EEA nationals can apply for a permanent residence card certifying their right to permanent residence, although they are not required to do so. They can also apply for UK citizenship after one further year. In practice, the numbers of grants of permanent residence or citizenship are low as a share of the EEA national population. Permanent residence grants to EEA nationals and their non-EEA family members have fluctuated between 15,000 and 23,000 per year since 2011, while citizenship grants to EU nationals have been between 7,000 and 18,000. Both peaked in 2013.
Despite widespread reports of greater interest in permanent residence and citizenship, the most recent data for 2015 do not show an increase in grants to EU nationals. However, these figures do not cover decisions made in 2016. Quarterly data show an increase in the total number of citizenship grants (to people of all nationalities) in the first quarter of 2016, although a breakdown of the 2016 data by nationality – separating EU from non-EU migrants – is not due to be published until May 2017.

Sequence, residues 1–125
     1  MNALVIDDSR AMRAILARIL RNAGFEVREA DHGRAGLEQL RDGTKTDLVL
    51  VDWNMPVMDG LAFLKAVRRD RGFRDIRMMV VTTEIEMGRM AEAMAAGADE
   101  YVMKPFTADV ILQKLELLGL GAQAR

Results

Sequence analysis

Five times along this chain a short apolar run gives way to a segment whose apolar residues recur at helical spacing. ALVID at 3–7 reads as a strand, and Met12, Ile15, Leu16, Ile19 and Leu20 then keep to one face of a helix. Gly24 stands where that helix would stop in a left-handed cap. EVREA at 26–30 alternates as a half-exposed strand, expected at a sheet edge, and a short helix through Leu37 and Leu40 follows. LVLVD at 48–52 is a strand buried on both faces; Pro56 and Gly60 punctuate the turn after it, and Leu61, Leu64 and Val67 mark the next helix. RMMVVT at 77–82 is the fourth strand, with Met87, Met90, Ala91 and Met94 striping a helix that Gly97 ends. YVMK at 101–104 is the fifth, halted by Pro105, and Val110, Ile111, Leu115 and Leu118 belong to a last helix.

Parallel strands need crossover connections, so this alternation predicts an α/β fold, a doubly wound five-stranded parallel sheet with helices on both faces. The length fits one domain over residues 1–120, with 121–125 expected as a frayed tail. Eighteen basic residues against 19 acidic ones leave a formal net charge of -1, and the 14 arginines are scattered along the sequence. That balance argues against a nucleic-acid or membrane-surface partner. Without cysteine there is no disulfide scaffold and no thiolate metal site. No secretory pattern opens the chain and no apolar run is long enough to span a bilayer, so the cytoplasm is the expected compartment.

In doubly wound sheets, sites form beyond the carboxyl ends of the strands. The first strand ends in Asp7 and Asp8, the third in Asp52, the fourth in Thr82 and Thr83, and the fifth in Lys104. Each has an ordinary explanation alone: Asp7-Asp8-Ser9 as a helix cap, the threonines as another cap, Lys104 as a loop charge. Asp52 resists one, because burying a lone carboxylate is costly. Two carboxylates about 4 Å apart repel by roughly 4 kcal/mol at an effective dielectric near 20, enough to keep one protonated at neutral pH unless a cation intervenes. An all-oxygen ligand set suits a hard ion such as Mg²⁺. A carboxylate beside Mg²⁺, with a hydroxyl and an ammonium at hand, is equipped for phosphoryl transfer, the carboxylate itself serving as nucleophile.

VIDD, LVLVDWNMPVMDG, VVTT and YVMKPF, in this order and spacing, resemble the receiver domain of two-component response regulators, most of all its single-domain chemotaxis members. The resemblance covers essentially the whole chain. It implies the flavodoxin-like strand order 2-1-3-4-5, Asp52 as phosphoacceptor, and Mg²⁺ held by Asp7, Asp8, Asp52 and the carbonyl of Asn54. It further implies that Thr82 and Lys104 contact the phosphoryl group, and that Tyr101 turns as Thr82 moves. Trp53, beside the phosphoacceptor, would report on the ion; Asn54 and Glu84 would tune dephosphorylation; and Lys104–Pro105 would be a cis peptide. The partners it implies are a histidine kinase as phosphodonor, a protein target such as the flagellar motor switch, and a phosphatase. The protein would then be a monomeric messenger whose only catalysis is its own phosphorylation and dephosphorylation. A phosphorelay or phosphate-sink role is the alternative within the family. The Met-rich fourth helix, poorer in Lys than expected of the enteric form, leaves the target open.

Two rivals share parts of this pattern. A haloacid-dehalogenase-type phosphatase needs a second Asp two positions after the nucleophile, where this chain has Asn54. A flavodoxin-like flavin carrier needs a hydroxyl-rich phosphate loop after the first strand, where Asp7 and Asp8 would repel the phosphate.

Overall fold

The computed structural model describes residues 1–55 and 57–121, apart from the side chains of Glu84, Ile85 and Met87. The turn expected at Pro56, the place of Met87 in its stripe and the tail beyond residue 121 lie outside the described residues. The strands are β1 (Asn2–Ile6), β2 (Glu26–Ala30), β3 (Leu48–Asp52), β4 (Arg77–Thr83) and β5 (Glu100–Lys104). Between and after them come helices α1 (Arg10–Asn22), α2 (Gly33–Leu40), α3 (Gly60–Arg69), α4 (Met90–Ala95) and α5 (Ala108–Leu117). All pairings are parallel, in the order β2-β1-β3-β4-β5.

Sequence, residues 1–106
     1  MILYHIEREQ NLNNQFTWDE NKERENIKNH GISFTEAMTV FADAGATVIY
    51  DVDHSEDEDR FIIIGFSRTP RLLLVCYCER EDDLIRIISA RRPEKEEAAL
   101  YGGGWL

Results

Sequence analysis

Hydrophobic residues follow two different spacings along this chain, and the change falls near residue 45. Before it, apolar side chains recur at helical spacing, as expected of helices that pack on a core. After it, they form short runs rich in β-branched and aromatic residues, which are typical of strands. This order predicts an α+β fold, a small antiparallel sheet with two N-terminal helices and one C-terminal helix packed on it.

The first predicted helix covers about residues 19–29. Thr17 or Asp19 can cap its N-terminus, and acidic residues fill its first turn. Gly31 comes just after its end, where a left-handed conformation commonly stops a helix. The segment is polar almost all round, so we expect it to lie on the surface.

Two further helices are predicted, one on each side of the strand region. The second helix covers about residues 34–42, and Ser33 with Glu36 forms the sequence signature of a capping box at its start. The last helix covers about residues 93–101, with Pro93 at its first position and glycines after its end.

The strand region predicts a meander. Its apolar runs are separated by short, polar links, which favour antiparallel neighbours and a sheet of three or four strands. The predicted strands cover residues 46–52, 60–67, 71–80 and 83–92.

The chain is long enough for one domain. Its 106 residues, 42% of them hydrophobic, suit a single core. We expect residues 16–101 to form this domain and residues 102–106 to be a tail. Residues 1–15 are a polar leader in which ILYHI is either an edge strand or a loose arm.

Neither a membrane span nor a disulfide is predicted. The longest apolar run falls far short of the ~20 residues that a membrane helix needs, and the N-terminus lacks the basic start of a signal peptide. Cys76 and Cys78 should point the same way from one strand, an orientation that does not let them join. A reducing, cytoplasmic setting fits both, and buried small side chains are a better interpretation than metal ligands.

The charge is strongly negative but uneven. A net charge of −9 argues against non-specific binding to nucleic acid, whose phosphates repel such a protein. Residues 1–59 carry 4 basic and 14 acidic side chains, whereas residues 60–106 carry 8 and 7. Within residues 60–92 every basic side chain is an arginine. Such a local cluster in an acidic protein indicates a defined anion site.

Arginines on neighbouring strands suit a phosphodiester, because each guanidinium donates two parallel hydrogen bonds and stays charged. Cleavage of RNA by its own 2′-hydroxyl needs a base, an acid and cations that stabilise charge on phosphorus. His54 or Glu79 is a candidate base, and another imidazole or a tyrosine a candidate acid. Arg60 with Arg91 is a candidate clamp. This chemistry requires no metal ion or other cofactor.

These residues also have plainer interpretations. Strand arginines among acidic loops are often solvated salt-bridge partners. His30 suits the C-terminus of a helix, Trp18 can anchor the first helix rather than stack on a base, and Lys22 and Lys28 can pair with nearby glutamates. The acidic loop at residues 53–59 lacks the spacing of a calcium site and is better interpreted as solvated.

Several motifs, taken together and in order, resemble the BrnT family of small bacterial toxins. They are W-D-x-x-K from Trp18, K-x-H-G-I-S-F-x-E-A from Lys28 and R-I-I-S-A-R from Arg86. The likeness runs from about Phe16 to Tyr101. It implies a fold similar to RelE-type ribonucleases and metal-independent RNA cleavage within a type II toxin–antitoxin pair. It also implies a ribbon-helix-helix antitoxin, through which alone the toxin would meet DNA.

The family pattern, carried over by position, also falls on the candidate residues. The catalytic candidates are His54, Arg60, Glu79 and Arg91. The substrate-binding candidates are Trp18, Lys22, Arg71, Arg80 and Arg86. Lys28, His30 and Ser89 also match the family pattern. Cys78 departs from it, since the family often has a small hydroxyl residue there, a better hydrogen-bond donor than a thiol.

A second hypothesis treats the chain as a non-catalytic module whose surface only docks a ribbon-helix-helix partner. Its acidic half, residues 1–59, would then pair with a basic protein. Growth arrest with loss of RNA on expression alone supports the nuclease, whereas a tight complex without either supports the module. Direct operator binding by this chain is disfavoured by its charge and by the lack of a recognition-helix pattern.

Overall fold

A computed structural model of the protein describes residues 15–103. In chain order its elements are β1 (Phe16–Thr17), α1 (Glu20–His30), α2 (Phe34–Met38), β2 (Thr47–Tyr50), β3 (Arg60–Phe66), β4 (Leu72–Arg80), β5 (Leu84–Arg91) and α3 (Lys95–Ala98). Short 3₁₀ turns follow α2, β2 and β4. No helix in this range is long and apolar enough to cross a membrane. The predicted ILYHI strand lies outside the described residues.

There remains some uncertainty about how the status of EU citizens who have been in the UK for less than 5 years would be determined, although legal analysts suggest that EU citizens already living here would not lose their rights. It is possible they might do so if they became unemployed, however, and it is unclear what rules would apply to very recent arrivals (such as people arriving after the date of the referendum but before new immigration rules were developed). These questions might be clarified as part of an agreement with the EU on the future UK-EU relationship.
Would Brexit mean net migration could be reduced to the ‘tens of thousands’?
A recurring question in the referendum debate has been whether leaving the EU would enable the government to reduce net migration to the ‘tens of thousands’ as promised in the 2010 Conservative manifesto, and whether it is the only way to do so.
The Office for National Statistics estimates that non-EU net migration stood at 188,000 and EU net migration at 184,000 in 2015. Subtracting net British emigration of 39,000, net migration would not have been below 100,000 even if net EU migration were zero – unlikely even in a Brexit scenario.